Journalists love to write about trends as they are just starting, and the joke that goes around is that when journalists count, it’s “one, two, trend.” Then they follow up with a story alerting us this hot trend they've “discovered,” supporting their contention with a few quotes, citations, and semi-arbitrary data points (if any). They also like to call out when a trend has peaked, based on sketchy information at best. Hey, it's more fun and much easier to than actually having to dig deep and cover hard news, so why not, right?
Often, this trend-sighting is initiated by someone with a biased agenda, such as having a product or service to sell, or as a joke on the public, or looking for some grants and funding (those annual hurricane forecasts and trends come to mind). There's a 2014 column by the Public Editor (ombudsman) at The New York Times on the fallibility of these so-called trend articles, sparked by one on the supposed return of the monocle, Trend-Spotting, With Wink at Mr. Peanut which explores this situation.
Engineers, of course, don't have this easy way of completing an assignment, as we deal more with data and test results, and less than anecdotes and presumptions. It’s a question engineers do have to think about: when does a “trend” start, based on the observed data? How far out can you credibly extrapolate reliable data? After all, a trend such as dissipation or even Moore's “law” can't go on forever, so where and when does it saturate, max out, or even begin to reverse? (Then there are the projections of the marketing folks, but that's a discussion for another time.)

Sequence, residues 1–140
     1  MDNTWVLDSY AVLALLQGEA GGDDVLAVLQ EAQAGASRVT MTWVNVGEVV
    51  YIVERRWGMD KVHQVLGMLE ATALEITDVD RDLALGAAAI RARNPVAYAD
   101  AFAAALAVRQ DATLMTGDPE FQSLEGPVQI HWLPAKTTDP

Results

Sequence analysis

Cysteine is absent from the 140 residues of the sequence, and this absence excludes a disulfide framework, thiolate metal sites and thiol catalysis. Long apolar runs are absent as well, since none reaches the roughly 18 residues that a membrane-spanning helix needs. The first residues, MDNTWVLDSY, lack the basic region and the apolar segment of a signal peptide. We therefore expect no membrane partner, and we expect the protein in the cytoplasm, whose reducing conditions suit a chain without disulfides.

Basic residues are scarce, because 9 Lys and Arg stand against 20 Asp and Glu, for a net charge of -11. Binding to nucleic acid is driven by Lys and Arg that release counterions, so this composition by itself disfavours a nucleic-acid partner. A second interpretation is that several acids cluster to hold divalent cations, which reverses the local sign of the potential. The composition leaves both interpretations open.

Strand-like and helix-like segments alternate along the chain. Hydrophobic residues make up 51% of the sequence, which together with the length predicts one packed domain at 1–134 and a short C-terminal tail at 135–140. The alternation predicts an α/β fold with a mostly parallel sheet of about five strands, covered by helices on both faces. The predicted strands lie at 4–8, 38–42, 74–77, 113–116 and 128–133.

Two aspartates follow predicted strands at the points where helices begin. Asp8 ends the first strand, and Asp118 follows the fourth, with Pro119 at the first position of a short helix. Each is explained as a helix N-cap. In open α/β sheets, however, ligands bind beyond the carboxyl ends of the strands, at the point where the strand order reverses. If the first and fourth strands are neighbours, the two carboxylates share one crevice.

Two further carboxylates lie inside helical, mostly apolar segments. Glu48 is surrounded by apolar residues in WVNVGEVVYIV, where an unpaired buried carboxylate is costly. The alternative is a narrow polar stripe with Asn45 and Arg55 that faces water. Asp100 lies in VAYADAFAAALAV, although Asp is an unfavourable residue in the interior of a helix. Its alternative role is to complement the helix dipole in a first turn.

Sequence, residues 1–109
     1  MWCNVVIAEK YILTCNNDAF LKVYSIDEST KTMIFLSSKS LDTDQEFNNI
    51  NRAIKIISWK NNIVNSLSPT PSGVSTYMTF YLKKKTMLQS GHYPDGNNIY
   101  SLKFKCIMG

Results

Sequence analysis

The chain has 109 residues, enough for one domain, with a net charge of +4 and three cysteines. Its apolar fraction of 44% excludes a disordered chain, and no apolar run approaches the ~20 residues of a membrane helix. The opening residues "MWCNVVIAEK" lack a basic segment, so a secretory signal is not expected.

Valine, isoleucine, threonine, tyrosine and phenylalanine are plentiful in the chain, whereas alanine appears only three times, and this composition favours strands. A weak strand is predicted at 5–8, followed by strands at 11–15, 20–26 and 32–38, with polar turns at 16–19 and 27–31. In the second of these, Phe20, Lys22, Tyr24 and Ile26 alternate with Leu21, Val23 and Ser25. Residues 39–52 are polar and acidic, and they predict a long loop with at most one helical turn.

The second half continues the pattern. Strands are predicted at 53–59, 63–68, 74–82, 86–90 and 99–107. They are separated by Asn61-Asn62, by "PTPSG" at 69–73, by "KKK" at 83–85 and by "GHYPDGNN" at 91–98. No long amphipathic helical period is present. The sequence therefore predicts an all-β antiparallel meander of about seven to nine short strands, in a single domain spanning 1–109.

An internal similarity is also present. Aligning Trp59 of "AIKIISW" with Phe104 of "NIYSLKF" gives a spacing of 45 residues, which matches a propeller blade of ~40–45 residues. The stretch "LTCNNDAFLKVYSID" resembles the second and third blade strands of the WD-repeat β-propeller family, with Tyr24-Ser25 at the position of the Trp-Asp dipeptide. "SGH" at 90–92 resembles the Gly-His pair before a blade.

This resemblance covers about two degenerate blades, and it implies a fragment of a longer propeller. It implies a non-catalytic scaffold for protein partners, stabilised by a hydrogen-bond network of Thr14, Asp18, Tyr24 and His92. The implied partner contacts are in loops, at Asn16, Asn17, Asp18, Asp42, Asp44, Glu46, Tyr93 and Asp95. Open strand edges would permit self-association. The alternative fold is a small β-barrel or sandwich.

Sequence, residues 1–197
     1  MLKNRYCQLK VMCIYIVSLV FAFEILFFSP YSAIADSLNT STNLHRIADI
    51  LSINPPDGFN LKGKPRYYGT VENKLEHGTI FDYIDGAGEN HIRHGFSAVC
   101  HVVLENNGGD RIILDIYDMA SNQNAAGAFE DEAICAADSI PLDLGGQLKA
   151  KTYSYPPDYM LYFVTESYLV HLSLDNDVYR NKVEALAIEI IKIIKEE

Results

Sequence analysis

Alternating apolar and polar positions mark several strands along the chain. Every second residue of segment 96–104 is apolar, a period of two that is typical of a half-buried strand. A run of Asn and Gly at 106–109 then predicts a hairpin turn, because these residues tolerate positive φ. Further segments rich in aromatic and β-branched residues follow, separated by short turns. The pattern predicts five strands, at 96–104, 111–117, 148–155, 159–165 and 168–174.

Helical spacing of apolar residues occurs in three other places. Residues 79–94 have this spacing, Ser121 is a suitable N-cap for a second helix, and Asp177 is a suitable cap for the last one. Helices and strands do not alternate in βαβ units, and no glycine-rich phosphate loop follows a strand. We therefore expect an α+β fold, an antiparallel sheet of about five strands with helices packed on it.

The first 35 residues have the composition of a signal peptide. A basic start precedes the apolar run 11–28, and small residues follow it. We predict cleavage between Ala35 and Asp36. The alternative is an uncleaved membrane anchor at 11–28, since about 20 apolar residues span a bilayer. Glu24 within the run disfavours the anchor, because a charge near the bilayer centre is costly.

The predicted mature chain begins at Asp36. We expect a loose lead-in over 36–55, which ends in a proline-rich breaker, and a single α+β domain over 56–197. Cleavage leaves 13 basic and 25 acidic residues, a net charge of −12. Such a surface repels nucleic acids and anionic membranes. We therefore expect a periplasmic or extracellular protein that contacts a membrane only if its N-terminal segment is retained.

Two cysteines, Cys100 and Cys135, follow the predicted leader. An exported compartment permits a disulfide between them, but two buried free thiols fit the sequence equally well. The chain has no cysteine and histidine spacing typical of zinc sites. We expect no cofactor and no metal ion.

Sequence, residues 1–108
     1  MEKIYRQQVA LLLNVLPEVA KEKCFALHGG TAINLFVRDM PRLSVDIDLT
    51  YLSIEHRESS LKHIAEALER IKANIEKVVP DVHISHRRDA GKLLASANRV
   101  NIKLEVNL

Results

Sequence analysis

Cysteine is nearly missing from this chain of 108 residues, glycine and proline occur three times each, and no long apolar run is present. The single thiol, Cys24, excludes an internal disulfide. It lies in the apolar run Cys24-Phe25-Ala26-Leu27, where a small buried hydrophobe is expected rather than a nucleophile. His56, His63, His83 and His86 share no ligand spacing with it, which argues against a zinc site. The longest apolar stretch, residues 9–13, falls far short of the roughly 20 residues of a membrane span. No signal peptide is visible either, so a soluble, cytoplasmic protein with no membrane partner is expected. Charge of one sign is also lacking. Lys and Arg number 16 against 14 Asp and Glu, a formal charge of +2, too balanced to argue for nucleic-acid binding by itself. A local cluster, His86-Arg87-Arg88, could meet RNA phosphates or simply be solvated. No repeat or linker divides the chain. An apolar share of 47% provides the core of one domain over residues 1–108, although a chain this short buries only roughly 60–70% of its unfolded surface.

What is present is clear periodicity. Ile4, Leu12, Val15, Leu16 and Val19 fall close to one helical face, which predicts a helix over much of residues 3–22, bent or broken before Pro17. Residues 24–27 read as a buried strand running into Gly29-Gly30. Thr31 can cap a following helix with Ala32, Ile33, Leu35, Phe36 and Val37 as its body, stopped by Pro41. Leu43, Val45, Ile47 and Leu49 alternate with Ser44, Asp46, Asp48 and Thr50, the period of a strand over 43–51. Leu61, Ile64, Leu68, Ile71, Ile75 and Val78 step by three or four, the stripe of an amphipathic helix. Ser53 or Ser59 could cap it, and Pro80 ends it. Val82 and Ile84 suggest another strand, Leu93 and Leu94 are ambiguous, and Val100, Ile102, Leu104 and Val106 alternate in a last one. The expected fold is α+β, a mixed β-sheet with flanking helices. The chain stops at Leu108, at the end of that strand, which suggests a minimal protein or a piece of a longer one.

A related problem is determining when a “peak” in the data has occurred. This is not a trivial question, whether you use classical analog peak detection (see related item, below), or a mostly digital approach, especially when the system (or users) demand that the peak be determined in real time.
The reason is that by its inherent nature, a peak can only be determined after it has occurred, rather than at the instant of occurrence. The problem is defining where to conclude that peak has occurred. Is it a drop of 1% in a reading, or perhaps 2%, 5%, or even 10%?
As in so many engineering issues, the right answer is “it depends.” On one side, you don't want that definition to be too tight; while it would be the quickest to indicate that a peak has occurred, it would often do so incorrectly due to noise, vibration, and normal variations. On the other side, if you make the definition window wider, you risk not realizing a peak has occurred until well after it has passed, which may cause system problems such as with closed-loop control strategies, Figure 1 .
For example, a yield (break) test for glass may consider a 2% drop in strain as a break, while one for a very ductile metal may require 10% (since these yield more gradually before they break). For some applications such materials testing, the decision criteria are set by standards setting bodies such as ASTM International, where the actual curves have some critical inflections, Figure 2 . But what about peak signal strength for a wireless signal (transmit or receive)?
Have you have to establishing criteria for parameters such as peaks or trends, or had difficulty agreeing on definitions due to conflicting demands and objectives?